• If you’re single, there will also be the issue of when to drop the C bomb. On a first date? Fifth date? The first time you have sex? At some vague future point in a few months or years? Do you think you can get away with never?

Cancer, disfiguration, death: This is tough stuff, and we’d be lying to you if we said everyone who cares about you can deal with it. Cancer tested you, and it will test them. We’d be fools to tell you not to take rejection personally. It is personal. You can be rejected for having survived a disease that terrifies everyone. You can be rejected because your very existence reminds us that some day every single one of us will die.

If you have to, you will leave some people behind – and find better ones. We’ve met some of the better ones. For sure there are others.

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Can I have a baby after cancer?

Whether or not you can have a successful pregnancy will depend on your stage of cancer and your treatment.

If you are thinking about pregnancy in the future, before beginning treatment you’ll want to ask your healthcare provider questions such as these:

  • Am I a candidate for RVT (radical vaginal trachelectomy)?
  • Will I be able to keep my uterus?
  • Will I be able to keep my ovaries?
  • Can I harvest eggs before or after my treatment?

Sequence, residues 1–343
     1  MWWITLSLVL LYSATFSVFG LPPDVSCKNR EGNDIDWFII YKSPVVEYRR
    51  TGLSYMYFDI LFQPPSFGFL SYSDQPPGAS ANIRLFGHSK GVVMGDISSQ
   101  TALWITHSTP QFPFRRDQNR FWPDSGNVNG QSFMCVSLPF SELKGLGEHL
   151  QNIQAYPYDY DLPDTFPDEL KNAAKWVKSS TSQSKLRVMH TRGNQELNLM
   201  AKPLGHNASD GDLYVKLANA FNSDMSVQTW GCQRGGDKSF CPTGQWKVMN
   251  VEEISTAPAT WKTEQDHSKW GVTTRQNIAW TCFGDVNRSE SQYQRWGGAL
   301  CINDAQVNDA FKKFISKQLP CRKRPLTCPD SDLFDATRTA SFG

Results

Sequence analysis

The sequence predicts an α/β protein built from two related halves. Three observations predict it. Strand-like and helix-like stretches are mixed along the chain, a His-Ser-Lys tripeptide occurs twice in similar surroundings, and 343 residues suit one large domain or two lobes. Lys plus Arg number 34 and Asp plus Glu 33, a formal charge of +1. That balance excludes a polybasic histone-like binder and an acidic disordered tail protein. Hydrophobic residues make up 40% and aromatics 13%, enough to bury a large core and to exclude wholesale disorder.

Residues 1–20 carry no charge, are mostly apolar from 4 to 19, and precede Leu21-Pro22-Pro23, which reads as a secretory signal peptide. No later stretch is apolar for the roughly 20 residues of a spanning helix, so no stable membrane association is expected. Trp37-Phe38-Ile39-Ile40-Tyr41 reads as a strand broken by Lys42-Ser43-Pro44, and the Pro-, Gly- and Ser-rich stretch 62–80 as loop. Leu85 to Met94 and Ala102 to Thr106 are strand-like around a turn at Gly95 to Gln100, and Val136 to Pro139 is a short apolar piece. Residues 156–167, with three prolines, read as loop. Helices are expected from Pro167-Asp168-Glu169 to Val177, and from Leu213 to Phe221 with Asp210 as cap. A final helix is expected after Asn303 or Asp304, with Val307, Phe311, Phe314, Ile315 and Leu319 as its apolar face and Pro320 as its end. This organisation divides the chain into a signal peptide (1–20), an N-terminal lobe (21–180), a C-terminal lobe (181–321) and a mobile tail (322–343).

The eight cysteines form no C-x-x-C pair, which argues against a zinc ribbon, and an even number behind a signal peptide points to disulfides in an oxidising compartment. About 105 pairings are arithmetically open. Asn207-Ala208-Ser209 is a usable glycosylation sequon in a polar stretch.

• I don't have a partner. Can I freeze unfertilized eggs?
  • If I keep my ovaries and have radiation, will I be able to harvest eggs afterwards? Can my ovaries be moved up higher for protection from the radiation?
  • Can you recommend a reproductive endocrinologist?

If you are able to have your eggs harvested, they can be frozen unfertilized for future insemination. Or they can be inseminated with sperm and the embryos frozen for future use.

If you have had a hysterectomy, when you’re ready to become a parent a surrogate mother carries the child to term. If you follow the headlines, you’ll know that your relationship with the surrogate mother is new legal territory. You’ll need to research this thoroughly.

Even if you can’t have a successful pregnancy or harvest eggs, adoption can be a wonderful option – there aren’t enough homes for children who need them.

For some background on adoption, go to en.wikipedia.org/wiki/Adoption. For more specific information go to www.adoptuskids.org/ Please keep in mind there are many types of adoption agencies out there – research them carefully.

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Will my cancer come back?

It’d be insane to not have the thought that the cancer might come back. There’s no way to really know.

Some women are consumed by fear. Others are terrified only when they get a cold, cough, or ordinary ache. For some, anxiety spikes only in the waiting room for follow-up checkups.

The fear of recurrence is certainly understandable. However, we think that as time goes by you can begin to see time as your friend. You have been cancer-free or in remission for this amount of time; and the odds are that when you wake up tomorrow that will continue to be true.